Read the text (PDF).

Why Every Job in the Renewable Energy Industry Must Be a Union Job

By Mindy Isser - In These Times, September 3, 2020

The renewable energy industry in the United States is booming. Prior to the start of the Covid-19 pandemic, which has put millions out of work, over 3 million people worked in clean energy — far more than those who worked in the fossil fuel industry. And though the decline of fossil fuel jobs appears unstoppable, the unions that represent those workers are very protective of their members’ jobs. Similarly, they’ve also been resistant to legislation like the Green New Deal, which would create more green jobs while also transitioning away from work in extractive industries. Environmental activists believe that green jobs are the future — for both workers and our world — but unionization rates in the renewable energy industry are extremely low. In order to get unions on board with green jobs, the environmental movement will have to fight for those jobs to be union. And unions will have to loosen their grip on fossil fuels in an effort to embrace renewables.

Fossil fuel jobs can pay well (both oil rig and refinery workers can take home around $100,000 per year), but due to automation and decreased demand, the number of jobs is shrinking. And so are the unions that represent them. At its peak, the United Mine Workers of America boasted 800,000 members, but hundreds of thousands of workers have been laid off in the last few decades. Now UMWA is mostly a retirees’ organization and only organizes a few thousand workers in the manufacturing and health care industries, as well as workers across the Navajo Nation. When a union like UMWA hemorrhages members, many see it as an insular problem that doesn’t concern anybody else — environmentalists may even celebrate the closure of mines and refineries, potentially paying lip service to lost jobs, without doing much to create new ones.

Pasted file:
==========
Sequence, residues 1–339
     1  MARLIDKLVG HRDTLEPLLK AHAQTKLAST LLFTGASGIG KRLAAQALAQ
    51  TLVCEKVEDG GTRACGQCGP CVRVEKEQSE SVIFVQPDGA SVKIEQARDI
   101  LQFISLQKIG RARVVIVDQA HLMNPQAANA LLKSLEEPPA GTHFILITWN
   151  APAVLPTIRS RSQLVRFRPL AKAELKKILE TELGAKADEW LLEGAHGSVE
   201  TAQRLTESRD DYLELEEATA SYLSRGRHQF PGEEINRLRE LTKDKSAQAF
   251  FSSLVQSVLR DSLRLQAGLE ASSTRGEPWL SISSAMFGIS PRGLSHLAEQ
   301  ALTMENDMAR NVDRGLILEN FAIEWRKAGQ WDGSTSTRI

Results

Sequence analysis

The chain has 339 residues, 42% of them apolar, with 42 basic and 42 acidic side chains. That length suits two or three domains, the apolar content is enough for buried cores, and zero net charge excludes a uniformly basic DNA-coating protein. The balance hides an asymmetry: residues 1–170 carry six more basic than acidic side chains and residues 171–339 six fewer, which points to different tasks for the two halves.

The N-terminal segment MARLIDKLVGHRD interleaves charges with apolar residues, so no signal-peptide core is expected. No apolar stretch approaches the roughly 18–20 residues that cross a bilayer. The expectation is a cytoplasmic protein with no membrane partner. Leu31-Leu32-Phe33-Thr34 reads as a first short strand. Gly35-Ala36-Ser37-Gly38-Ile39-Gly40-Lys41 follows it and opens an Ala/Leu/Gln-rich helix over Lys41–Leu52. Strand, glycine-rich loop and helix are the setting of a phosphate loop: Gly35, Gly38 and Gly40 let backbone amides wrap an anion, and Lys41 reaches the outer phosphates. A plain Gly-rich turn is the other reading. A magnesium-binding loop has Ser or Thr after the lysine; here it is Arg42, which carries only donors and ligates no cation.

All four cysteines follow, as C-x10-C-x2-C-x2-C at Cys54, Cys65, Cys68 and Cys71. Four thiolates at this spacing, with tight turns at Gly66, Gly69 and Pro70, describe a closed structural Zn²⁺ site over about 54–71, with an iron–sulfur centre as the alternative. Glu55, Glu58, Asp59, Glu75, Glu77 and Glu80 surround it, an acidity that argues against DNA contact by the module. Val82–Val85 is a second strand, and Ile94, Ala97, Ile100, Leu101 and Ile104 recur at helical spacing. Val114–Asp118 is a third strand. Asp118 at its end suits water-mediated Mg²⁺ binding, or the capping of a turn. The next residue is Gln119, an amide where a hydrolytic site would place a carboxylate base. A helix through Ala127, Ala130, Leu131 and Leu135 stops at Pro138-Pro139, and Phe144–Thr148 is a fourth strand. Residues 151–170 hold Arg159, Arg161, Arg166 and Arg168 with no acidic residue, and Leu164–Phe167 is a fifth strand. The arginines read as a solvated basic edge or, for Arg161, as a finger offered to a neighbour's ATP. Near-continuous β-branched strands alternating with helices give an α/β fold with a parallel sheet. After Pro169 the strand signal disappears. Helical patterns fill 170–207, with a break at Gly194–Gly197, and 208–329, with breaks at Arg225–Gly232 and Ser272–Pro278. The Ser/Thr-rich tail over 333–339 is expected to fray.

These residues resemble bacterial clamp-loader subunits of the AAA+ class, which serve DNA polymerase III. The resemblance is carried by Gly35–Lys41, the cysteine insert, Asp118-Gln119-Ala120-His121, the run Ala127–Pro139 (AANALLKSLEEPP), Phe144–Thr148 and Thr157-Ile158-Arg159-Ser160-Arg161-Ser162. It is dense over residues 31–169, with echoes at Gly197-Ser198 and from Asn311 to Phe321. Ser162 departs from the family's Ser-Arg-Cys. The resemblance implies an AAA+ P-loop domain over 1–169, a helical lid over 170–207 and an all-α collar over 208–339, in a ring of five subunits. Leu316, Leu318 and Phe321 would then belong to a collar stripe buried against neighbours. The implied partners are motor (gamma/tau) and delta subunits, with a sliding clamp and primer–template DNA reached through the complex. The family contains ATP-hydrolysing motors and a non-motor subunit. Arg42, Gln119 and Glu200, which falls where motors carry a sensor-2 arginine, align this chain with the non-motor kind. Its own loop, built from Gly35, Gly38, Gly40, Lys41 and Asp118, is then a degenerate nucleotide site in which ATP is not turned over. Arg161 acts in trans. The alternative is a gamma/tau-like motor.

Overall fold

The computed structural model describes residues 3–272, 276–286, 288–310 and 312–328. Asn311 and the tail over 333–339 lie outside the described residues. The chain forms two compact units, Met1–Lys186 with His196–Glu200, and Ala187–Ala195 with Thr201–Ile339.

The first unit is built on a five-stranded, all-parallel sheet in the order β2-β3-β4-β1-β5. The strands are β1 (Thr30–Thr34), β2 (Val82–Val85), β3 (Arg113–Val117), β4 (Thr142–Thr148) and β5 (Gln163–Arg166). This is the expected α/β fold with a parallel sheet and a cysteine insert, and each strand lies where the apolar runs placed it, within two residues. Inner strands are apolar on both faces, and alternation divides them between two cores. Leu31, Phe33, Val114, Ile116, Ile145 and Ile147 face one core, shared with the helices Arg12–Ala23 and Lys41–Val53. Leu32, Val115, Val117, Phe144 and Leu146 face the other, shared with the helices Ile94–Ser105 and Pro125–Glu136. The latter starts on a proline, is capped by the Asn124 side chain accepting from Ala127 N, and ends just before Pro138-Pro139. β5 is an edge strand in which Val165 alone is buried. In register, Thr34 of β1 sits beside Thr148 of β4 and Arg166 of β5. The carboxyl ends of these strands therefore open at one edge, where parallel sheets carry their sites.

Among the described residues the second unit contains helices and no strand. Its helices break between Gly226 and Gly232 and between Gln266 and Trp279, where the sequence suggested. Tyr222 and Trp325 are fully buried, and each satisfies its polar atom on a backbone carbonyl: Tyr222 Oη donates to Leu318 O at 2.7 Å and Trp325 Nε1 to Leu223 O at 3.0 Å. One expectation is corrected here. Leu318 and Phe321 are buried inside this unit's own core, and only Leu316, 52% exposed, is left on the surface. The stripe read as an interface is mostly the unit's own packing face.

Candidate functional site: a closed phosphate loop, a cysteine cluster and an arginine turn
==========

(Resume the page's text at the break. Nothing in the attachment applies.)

“An injury to one is an injury to all” is not just a slogan in the labor movement because it sounds good, but because it’s true. When union density is low and unions are weak, the jobs that are created are more likely to have low pay, lack benefits, and be unsafe. And because union density in this country is already so low (33.6% in the public sector, 6.2% in the private), every time an employer of union labor outsources or shuts down, it affects not only those newly unemployed workers, but all workers, union and not. When oil refineries and other fossil fuel employers close their doors, union members and other workers lose their jobs. And while that may feel like a win for environmentalists, it’s also a loss for all working people, even those concerned about climate change. Unions are one of the only ways working people have power in this country — without them, there will be very few organizations equipped to fight for the programs and services we deserve, including ones that are tasked with fighting climate change. These kinds of contradictions have caused tension between both movements, and corroded trust between them. And while there have been some inroads made in the last few years — including unions endorsing the Green New Deal — there’s still a long way to go until unions eschew fossil fuels.

Job Creation Estimates Through Proposed Economic Stimulus Measures

By Robert Pollin and Shouvik Chakraborty - The Prying Mantis, September 2020

In a Sierra Club commissioned report, PERI's Robert Pollin and Shouvik Chakraborty estimate the employment impacts of a $6 trillion, 10-year economic stimulus program designed by the Sierra Club and other civil society organizations. Pollin and Chakraborty estimate that spending at about $600 billion per year for 10 years would generate about 4.6 million jobs annually to upgrade American infrastructure, and another 4.5 million jobs annually to transition the country to a clean energy economy.

The report assumes the public investment in clean energy would be matched equally by another $300 billion per year in private sector clean energy investments. This would generate another 4.5 million jobs per year for 10 years.

Read the text (PDF).